Sabu (real name Hector Xavier Monsegur), LulzSec’s former head honcho and eventual Benedict Arnold (or the “Milli Vanilli of Anonymous” as one Twitter user suggested), signed off on U.S. district attorney Preet Bharara’s court filing asking for a six-month sentencing delay. By July of 2011, Sabu had been flipped by the feds and set about bringing down LulzSec and Anonymous members in the UK and the US.
“The Government respectfully submits this letter to request a six-month adjournment of the August 22, 2012 sentencing control date set in the above-captioned matter in light of the defendant’s ongoing cooperation,” the court document reads.
This can only mean that Monsegur is still cooperating with authorities, perhaps infiltrating Anonymous IRCs under aliases in order to coax members into actions that will land them in prison.
Entrapment is, of course, illegal. “Government agents may not originate a criminal design, implant in an innocent person’s mind the disposition to commit a criminal act, and then induce commission of the crime so that the Government may prosecute.” See Jacobson v. US, 503 U.S. 540, 548 (1992). However, federal authorities are quite adept at leading those who haven’t committed a crime into doing so without actually suggesting the crime.
According to federal criminal lawyer Lewis Gainor:
“Inducement is at least persuasion or mild coercion. See US v. Nations, 764 F.2d 1073, 1080 (5th Cir. 1985). It may also be based on pleas of need, sympathy or friendship… The fact that federal investigators [engage] in deception, lies, subterfuge, or misrepresentation, does not, by itself, establish inducement.”
Meaning, the federal agents puppeteering Sabu are allowed to deceive other Anonymous members, tell lies, use subterfuge and misrepresentation because a defendant will not likely be able to establish “inducement” on those deceptions alone. The defendant also has to prove that he or she was not predisposed to committing a crime—which, with the public perception of Anonymous being what it is (via the framing and messaging crafted by the federal government and the media), would be hard to argue, though not impossible.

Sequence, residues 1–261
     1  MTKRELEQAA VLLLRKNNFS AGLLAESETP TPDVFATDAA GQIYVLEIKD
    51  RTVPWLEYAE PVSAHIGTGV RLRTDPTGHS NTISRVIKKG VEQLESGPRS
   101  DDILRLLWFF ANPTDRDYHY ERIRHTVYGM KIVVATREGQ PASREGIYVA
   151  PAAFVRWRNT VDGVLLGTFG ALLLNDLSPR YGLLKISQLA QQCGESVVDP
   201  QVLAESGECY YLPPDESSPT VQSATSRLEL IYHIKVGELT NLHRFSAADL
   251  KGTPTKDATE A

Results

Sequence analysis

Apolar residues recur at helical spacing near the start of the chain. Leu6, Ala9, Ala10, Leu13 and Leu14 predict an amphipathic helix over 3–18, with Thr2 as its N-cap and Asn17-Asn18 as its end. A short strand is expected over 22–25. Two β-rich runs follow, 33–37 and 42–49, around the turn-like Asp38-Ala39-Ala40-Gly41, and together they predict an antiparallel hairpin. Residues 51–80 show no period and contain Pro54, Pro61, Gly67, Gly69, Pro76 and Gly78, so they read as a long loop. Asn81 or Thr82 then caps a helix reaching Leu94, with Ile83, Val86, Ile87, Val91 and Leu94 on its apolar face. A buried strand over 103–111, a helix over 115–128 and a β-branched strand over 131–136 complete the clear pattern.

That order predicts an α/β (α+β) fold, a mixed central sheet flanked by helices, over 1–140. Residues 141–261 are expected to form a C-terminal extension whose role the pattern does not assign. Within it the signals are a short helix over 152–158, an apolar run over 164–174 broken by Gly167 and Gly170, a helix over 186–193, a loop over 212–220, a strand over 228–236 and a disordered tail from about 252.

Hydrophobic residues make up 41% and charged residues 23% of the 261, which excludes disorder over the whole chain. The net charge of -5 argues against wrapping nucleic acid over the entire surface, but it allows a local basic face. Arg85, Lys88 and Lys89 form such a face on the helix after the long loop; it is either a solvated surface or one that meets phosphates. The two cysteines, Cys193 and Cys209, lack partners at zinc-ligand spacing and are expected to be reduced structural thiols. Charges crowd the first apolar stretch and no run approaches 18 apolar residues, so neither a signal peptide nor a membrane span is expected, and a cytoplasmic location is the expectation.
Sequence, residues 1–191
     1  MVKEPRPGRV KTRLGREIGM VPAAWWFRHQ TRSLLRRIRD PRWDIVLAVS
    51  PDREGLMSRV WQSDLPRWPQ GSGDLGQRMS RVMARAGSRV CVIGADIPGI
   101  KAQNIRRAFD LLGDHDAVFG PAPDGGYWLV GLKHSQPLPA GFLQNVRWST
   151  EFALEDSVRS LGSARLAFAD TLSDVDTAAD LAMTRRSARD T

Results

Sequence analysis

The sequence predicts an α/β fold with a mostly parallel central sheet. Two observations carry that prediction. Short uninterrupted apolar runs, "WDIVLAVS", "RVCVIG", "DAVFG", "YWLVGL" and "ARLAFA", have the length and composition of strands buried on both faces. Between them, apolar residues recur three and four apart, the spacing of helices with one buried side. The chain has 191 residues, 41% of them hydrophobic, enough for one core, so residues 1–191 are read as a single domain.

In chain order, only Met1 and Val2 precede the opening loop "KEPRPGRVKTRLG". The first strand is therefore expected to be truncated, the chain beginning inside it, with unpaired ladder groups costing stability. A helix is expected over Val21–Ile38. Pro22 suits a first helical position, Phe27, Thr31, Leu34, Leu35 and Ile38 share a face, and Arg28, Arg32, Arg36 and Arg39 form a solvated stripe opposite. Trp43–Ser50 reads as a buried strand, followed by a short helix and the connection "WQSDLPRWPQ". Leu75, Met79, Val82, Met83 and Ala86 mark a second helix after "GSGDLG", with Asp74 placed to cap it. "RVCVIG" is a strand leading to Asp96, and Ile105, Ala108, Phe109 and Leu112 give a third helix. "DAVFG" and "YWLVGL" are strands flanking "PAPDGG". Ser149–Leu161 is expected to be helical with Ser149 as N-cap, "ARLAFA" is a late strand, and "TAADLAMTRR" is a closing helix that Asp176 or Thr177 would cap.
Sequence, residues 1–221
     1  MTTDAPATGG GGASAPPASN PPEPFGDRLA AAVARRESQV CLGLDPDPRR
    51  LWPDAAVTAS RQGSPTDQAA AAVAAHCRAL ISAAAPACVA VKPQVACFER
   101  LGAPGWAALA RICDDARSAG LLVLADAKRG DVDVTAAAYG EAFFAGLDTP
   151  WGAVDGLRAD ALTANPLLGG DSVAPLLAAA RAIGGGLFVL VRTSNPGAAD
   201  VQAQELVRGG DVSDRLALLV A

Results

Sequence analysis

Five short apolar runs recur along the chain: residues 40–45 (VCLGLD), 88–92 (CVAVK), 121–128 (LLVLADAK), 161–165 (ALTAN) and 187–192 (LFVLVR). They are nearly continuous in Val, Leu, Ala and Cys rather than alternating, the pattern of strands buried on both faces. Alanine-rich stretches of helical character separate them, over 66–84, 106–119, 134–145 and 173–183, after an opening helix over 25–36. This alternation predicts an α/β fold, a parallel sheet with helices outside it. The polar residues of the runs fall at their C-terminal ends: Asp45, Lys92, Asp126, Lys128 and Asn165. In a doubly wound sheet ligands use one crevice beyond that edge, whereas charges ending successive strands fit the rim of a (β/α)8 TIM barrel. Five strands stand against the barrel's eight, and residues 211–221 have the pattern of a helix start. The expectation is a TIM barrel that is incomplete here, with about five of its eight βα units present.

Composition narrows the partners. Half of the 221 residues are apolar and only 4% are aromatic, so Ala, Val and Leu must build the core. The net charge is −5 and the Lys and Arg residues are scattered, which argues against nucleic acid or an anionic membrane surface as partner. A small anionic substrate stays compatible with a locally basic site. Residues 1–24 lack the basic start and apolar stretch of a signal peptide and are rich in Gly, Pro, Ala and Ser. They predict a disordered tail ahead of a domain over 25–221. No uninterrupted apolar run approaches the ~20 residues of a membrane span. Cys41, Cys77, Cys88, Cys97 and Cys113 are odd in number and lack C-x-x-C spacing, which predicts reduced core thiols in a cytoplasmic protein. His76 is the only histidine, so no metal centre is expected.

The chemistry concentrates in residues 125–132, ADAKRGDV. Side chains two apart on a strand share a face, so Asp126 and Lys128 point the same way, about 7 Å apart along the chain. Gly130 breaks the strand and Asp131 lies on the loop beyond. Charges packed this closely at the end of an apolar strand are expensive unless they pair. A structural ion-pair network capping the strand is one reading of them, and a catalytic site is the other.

Anonymous has shown in a number of instances that there is value to what they do: when a government is paralyzed by corporate donations, corrupt to the core, and largely unwilling to create an open forum for real democracy, then it is up to citizens to unleash information. Thanks to Anonymous, particularly its member Anarchaos (Jeremy Hammond), we now know that Stratfor—a corporation with funding from former Goldman Sachs employee Shea Morenz—was gathering government intelligence to profit globally from insider trading.
Sabu was of course working as an informant and regularly communicating with Hammond before, during and after the Stratfor hack. Does this mean Hammond was a victim of entrapment? Not necessarily, but Sabu’s online presence at the time must have in and of itself acted as a means of encouragement to hack Strafor.
Which is to say that our government is more interested in going after hacktivists than it is in prosecuting the Wall Street criminals who systematically, over the course of two decades and through the dot com and real estate bubbles, tanked the economy in 2007. Obama’s Attorney General Eric Holder has done absolutely nothing in the way of bringing these men to justice, but his Justice Department is exceptionally energetic when it comes to Anonymous.
This is the democracy that we live in. It is the dark reward for our lack of vigilance.
Monsegur, who pleaded guilty to 12 federal offenses in March, faces a possible 124-year sentence for amongst other things conspiracy to commit both computer hacking and bank fraud. His cooperation will no doubt whittle the penalty down, though authorities have not yet released the plea deal details.